** That set up XU for an 8/9 matchup with BYU.  I am not familiar with them but have read that they have two big guys that may be a matchup problem.  And Danny Ainge’s kid is the point guard – I hate Danny Ainge.  XU will have to play some lockdown D and work it inside to get their guys in foul trouble.  The outside shots of Lavender and Burrell need to fall because Doellman, Cage and Duncan may get roughed up inside and could get into foul trouble themselves.  It’s too bad Brandon Cole has become invisible after his impressive contributions following Duncan’s ankle sprain.  He has been horrible the past few games and could be a liability on Thursday night.  After solid play, he’s back to his “hands of stone” mode and the turnovers are costly.

Of course, I have Xavier beating BYU and then overcoming the Buckeyes in round 2 to advance to the Sweet 16.  OSU is damn good but our guys are very experienced and will not give a shit if they have the phenomenal freshmen.  Regardless of their Big Ten tourney weekend, they are not unstoppable.  Hell, if Penn State and Michigan can play them to the wire, XU can certainly pull this one off.  XU will then beat Virginia, setting up a good grudge match with them when X goes to Cavalier-land next season (UVA comes to Cincy in ’08).  But I see X’s road ending in the Elite 8 again (as in 2004).  Texas A&M and Acie Law is my pick for the Final Four.  The other three are Georgetown, Florida and Pitt.  Florida wins it all over A&M.  I wanted to pick someone else but they have easiest path through the regional and may be unstoppable after that momentum.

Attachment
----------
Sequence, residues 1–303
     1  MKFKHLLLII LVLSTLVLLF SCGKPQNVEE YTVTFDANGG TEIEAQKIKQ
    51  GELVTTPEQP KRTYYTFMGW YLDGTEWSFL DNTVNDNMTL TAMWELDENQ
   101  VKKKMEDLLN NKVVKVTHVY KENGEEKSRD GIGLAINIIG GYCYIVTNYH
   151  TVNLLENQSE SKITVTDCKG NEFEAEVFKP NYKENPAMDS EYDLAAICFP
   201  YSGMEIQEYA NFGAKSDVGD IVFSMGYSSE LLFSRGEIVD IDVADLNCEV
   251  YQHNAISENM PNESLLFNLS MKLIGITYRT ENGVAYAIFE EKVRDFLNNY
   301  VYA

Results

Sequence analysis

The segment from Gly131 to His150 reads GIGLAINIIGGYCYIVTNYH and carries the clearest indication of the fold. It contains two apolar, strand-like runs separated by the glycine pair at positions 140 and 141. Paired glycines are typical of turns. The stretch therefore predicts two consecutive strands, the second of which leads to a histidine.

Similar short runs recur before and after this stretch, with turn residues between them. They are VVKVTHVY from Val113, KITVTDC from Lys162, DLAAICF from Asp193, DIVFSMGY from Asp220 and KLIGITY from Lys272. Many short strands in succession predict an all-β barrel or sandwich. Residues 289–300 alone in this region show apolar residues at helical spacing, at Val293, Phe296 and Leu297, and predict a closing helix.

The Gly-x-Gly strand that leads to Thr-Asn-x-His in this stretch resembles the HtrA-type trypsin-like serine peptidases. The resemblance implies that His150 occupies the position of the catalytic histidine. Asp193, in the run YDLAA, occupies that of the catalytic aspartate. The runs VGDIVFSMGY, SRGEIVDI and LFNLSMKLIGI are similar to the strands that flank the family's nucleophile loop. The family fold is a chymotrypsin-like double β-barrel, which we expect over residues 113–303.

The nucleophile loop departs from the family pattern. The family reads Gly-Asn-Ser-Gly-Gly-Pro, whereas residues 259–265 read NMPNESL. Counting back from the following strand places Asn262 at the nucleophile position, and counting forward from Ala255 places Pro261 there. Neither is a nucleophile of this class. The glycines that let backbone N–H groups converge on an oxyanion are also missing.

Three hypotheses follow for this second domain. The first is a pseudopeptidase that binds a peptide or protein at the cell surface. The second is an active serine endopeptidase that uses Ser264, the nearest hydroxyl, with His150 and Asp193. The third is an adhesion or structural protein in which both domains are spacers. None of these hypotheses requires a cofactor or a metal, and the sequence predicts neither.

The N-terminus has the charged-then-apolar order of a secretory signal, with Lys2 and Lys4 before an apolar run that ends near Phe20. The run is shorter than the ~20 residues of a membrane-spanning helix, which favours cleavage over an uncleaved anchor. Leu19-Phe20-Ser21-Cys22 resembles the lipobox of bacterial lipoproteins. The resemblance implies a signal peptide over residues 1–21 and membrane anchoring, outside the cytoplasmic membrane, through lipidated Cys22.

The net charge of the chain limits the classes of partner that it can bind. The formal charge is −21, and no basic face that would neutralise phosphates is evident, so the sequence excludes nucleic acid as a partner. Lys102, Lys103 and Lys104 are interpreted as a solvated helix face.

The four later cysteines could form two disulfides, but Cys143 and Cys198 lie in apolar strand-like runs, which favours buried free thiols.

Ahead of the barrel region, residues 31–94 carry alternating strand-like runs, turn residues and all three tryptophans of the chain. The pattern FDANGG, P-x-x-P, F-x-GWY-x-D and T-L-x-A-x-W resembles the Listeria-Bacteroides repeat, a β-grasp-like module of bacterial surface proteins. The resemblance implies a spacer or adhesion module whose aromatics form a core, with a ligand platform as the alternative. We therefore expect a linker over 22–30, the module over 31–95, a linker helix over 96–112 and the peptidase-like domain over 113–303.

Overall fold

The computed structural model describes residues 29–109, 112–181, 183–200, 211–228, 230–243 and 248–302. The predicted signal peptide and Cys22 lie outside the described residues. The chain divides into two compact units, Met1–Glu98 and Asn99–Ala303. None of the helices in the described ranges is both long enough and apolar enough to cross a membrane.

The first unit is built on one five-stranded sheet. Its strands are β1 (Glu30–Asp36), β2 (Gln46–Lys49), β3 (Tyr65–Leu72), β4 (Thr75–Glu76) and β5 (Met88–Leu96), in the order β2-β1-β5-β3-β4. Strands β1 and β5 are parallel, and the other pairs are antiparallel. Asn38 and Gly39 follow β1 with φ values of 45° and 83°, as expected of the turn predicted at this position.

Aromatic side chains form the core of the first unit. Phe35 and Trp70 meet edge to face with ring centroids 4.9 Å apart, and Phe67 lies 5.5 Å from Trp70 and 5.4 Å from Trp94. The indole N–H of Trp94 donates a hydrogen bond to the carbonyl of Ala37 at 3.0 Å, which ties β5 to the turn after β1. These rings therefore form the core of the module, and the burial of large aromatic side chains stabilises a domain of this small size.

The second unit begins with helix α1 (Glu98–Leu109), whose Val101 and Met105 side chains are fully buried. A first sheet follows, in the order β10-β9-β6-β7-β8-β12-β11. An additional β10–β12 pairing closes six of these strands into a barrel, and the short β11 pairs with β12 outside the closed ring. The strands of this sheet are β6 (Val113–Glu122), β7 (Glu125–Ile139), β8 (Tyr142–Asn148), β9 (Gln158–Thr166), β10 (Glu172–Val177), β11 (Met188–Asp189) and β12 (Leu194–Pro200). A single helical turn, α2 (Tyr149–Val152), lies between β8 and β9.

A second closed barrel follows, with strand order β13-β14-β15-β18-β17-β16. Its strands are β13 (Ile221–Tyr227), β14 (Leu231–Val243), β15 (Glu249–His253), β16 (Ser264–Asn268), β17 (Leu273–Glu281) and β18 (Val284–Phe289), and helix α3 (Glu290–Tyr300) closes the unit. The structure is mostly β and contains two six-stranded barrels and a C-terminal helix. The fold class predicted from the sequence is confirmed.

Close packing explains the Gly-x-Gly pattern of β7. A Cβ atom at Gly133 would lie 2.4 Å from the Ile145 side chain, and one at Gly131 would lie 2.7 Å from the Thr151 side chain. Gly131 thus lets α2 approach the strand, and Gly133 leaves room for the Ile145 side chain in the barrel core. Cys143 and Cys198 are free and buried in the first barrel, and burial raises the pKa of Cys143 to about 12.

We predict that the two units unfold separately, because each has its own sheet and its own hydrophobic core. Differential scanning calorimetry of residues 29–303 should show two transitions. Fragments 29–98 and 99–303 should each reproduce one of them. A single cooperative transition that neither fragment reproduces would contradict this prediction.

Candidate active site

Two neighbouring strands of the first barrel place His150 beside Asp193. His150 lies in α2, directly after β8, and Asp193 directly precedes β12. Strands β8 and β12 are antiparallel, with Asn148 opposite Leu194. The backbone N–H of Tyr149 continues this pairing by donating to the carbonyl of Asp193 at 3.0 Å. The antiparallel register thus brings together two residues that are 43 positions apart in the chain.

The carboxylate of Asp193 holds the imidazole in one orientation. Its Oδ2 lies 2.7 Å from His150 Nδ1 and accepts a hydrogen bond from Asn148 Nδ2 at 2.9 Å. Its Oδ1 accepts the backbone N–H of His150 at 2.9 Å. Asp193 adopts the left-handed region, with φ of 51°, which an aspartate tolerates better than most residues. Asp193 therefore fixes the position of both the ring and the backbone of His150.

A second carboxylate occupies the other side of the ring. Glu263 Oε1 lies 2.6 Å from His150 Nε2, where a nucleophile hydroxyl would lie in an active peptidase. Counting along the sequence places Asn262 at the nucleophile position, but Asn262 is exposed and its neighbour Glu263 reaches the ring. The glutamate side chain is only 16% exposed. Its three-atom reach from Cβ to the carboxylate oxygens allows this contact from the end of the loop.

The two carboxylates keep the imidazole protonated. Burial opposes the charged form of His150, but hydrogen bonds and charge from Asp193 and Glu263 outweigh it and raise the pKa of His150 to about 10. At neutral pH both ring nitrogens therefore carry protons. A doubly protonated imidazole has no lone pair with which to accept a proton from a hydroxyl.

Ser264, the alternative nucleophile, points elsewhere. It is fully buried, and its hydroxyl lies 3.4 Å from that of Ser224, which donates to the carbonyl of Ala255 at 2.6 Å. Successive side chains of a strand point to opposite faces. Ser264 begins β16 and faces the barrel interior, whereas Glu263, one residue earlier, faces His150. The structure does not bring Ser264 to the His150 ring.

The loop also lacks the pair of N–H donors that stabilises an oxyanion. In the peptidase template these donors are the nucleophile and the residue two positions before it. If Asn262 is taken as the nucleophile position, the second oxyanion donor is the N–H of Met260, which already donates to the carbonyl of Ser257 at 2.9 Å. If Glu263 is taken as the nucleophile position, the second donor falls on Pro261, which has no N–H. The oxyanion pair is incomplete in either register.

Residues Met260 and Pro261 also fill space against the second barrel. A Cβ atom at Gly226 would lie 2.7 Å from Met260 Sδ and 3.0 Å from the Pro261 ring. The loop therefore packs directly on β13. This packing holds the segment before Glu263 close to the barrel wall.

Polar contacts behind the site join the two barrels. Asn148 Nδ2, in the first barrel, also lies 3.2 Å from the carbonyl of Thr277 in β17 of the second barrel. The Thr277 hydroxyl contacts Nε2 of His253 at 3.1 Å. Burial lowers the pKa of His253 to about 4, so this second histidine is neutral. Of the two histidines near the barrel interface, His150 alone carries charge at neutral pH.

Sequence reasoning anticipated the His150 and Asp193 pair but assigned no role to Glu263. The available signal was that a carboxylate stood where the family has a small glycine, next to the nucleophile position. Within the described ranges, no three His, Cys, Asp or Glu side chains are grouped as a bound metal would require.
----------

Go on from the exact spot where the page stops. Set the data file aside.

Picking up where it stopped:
** Upsets are usually dictated as lesser teams beating better (i.e. major conference) teams.  That’s B.S. in the tourney thanks to seeding and the intangible of being there in the moment.  As I said in an earlier post, my paper tiger is #3 Washington State.  I have #14 Oral Roberts taking them out in the 1st round.  In the same regional bracket I have #11 George Washington beating #6 Vanderbilt.  GW will run their asses off and may be sloppy but if they can overcome the erratic shooting lapses they fall prey to, they’ll win.  #12 Old Dominion beats #5 Butler.  I wish I could pick Davidson over Maryland but Gary Williams always brings a solid team to the tourney, regardless of their season – much like Izzo at MSU, barring last year’s stunner to George Mason.  Another #12 over #5 is Illinois beating Va. Tech.  *If only one lower seed wins in the 1st round (besides XU, since they are the 9 in the 8/9 equation!), please let it be #11 Virginia Commonwealth beating (unjustified) #6 Duke.

** I  don’t get the backlash against Xavier by ESPN.  They are on ESPN, ESPN2 & ESPNU 10 times this year (going 9-1), getting constant praise by the announcers and studio guys all year, and then get dumped on by Jay Bilas, Andy Katz, et al for getting an at-large over the likes of Syracuse and Florida St.  Smells like Billy Packer in here.  XU received only one of 6 at-large bids granted to teams outside of the Big 6 conferences.  Their resume has been lauded all season long and were anticipated as locks by Joe Lunardi, Jerry Palm and other “bracketologists” well before Sunday night.  And enough about losing to Duquesne!!  We lost to them at Duquesne during their winningest point of the season.  Boston College lost to them in the non-conference schedule AT Boston College!!  No one mentions that one.  There is some love for Xavier out there though.  Thanks to my father for forwarding this one vote of confidence to me.  I’m done, I have to breathe now.